After the Egyptian army ousted democratically elected President Mohammed Morsi and the military took over in 2013, Egypt was faced with an overvalued currency, severe budget deficit, a weak trade deficit, capacity shutdown and a major lack of infrastructure and energy-generation capacity. After consolidating power, the military leadership undertook severe policy measures to fix the issues and get the country up and running again.

The Egyptian Central Bank’s foreign exchange policy changed from the currency being fixed and managed prior to the November 2016 currency devaluation to fully floating afterward in order to begin clearing the buildup in balance of payments. Fiscal consolidation was a big push and, as part of a loan agreement with the International Monetary Fund, Egypt began to increase fuel prices and decrease costly subsidies that had been a significant drag on the country’s fiscal balance (as high as 7% of GDP), wages were cut, and a value-added tax (VAT) was implemented among other initiatives. Additionally, investment and incentive structures were set up to develop four key strategic areas of the economy—petrochemicals, textiles, construction materials and export trade—particularly export-oriented or import-substitution industries.

As a result of the devaluation, consumers’ purchasing power was decimated as inflation spiked to over 30%. While steps were taken to shield the lower-income segment of the population, inflation hit the middle class particularly hard. The situation seems to have turned the corner in late 2017 with a more positive outlook. Inflation has been easing from a peak of nearly 35% in 2016 to 13.3% as of March 2018.

Tourism, which had suffered due to unrest within the country, is recovering. According to government sources, Egypt’s tourism revenue soared nearly 124% and the number of tourists increased 54% in 2017 versus the same period a year ago. Moreover, the recovery has been without Russian tourists (historically accounting for roughly a third of traffic), but in January 2018 Russian President Vladimir Putin approved resuming flights from Moscow to Cairo in February following a two-year ban. This adds to the scope for improving trends to continue.

In our view, there are a couple of key risks to consider going forward. First, although higher oil prices are less of a government-budget issue with subsidies nearly removed and they are being offset by better tax collection and some expense rationalization, higher fuel prices flow directly through to inflation and consumer demand. Second, is the risk to the budget due to high debt service, although this seems to have turned the corner with inflation falling and interest rates starting to come down.

During our trip, we had the chance to meet with executives of Ibnsina Pharma, a pharmaceutical-distribution business. The company is managed by two brothers, who are deeply passionate about the business and have successfully grown the company to be the number-two player in the market over a short period of time. Supported by the double-digit growth of the pharmaceutical industry in Egypt, we believe Ibnsina can grow even faster. The company was recently listed and has raised equity to continue to build out its distribution facilities. We added a position in Ibnsina Pharma during the quarter.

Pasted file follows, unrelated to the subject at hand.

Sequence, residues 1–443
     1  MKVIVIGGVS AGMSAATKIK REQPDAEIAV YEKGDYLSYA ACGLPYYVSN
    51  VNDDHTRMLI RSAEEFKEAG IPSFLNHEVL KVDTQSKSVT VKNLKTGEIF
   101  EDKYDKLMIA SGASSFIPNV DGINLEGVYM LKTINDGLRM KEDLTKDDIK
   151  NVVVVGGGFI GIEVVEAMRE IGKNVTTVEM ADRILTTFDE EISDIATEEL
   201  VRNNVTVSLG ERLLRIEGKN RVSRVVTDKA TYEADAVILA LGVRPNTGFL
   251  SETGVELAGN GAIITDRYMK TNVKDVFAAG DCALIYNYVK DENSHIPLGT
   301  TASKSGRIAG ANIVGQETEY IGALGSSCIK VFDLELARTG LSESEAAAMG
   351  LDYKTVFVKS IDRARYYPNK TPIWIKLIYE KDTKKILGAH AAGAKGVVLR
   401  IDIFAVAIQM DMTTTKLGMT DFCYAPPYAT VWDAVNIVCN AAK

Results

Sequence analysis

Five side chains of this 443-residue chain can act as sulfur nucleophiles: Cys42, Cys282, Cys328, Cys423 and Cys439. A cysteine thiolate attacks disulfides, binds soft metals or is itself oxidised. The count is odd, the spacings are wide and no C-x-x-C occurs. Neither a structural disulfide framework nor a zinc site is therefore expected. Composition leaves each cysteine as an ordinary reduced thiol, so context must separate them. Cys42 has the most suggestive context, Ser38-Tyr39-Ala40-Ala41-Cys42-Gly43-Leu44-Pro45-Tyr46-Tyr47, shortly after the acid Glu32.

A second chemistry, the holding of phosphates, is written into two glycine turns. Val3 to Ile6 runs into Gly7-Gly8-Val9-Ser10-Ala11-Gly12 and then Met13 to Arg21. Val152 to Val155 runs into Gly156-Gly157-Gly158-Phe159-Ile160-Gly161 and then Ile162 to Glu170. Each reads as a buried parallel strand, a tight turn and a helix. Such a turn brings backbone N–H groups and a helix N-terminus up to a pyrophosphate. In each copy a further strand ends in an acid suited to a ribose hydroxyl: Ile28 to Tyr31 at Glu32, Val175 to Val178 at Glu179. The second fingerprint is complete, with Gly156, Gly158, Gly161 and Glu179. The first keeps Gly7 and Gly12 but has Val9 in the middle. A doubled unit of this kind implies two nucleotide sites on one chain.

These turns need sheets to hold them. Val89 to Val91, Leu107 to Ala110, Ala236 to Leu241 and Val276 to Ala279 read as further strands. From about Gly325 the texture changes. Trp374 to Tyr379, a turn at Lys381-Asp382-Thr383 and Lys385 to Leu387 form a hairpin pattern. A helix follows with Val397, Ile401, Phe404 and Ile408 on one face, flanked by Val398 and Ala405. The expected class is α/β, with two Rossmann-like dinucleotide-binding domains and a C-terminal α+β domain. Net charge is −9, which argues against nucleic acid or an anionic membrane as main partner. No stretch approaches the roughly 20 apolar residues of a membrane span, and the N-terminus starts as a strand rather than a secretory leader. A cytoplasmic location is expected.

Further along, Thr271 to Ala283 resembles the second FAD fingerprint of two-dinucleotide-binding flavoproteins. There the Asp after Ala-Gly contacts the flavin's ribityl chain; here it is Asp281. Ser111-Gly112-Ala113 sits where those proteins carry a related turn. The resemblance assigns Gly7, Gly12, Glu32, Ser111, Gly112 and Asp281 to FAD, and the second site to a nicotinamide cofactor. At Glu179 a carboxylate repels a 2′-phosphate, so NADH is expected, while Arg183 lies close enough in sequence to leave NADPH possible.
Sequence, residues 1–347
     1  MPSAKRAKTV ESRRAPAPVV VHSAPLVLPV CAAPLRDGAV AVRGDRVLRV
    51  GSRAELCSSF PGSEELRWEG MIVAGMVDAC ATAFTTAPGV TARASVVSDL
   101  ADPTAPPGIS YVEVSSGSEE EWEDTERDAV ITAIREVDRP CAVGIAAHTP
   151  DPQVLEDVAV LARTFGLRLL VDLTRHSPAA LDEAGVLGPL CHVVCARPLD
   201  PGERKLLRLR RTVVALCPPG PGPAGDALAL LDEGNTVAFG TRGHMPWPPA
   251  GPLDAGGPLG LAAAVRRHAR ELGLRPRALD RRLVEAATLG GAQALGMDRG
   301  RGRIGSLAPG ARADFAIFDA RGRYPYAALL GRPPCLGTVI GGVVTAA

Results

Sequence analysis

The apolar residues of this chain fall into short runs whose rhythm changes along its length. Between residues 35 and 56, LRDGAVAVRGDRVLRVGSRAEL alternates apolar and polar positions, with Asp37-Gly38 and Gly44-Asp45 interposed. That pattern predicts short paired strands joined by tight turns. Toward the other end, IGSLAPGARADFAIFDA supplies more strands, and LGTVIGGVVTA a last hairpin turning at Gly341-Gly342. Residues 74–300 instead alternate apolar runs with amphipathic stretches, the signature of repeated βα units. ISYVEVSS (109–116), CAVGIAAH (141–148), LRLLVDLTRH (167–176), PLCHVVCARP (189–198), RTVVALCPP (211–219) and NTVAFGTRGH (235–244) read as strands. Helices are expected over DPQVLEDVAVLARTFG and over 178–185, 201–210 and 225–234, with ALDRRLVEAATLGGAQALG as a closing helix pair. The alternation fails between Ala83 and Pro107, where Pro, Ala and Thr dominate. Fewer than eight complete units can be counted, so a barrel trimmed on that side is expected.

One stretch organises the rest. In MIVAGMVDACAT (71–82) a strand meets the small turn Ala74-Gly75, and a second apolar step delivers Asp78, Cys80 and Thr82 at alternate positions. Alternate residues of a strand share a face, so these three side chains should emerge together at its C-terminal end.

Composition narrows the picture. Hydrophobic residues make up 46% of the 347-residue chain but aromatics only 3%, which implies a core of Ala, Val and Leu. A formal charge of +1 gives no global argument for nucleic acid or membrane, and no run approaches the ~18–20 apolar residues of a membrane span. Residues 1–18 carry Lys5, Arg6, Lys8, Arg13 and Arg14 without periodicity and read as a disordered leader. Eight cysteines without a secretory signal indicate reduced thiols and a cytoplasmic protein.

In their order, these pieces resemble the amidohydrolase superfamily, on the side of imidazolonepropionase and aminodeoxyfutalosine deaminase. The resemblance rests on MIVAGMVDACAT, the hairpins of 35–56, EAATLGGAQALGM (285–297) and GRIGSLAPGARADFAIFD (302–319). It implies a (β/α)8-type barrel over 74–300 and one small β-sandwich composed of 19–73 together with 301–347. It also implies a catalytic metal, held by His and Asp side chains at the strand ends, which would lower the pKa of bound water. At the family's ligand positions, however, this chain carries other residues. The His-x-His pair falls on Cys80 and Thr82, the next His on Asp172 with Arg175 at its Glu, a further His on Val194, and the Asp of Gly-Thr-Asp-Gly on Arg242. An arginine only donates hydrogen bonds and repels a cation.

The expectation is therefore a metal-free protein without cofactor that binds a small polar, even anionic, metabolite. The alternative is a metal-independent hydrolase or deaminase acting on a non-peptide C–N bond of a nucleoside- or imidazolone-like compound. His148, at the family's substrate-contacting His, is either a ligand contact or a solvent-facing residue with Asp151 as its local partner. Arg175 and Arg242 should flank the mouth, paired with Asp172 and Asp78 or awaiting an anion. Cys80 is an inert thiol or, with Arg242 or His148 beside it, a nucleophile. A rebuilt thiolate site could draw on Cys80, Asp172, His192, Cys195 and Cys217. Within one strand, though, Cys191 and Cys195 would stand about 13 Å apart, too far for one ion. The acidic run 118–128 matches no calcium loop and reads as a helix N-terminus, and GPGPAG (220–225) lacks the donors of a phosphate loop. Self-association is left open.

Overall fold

Cleopatra Hospital, another Fund holding based in Egypt, reminds us of an early version of NMC Health, mentioned earlier. Given Egypt’s demographics and patients’ need for hospital services, we believe Cleopatra has a long runway for growth. The company is building out Egypt’s first private-hospital network. In addition to strong organic growth, the company has been able to successfully acquire hospitals at lower prices, and turn them around to increased profitability. During the first quarter, the company’s share price took a bit of a wobble following a potential acquisition delay of a target hospital, making Cleopatra one of the Fund’s largest detractors from performance. Given the company’s track record, capacity for growth, and strong management execution, we believe this could be an opportunity to increase the size of our position.

The Philippines was the largest country detractor from the Fund’s return in the quarter. However, relative to the Index, it was our largest contributor on a country basis. This was due to the Fund having an underweight position in a weak market and because our stocks outperformed those in the Index. After hitting an all-time high in January, the Philippines market saw a wave of selling by foreigners, and ended the quarter down nearly 12%. In what has historically been a fairly strong currency by emerging-market standards, the Philippine peso depreciated about 4% relative to the U.S. dollar during the quarter. While domestic demand has been robust on the back of fiscal stimulus, rising inflation coupled with a deteriorating current-account balance and higher U.S. interest rates have put downward pressure on the peso. On March 22, 2018, the Philippine central bank held its benchmark interest rate at 3%, but many economists believe the central bank has fallen behind the curve, and may need to raise its benchmark rate in order to keep the economy from overheating, avert further currency pressure and bring foreigners back to the market.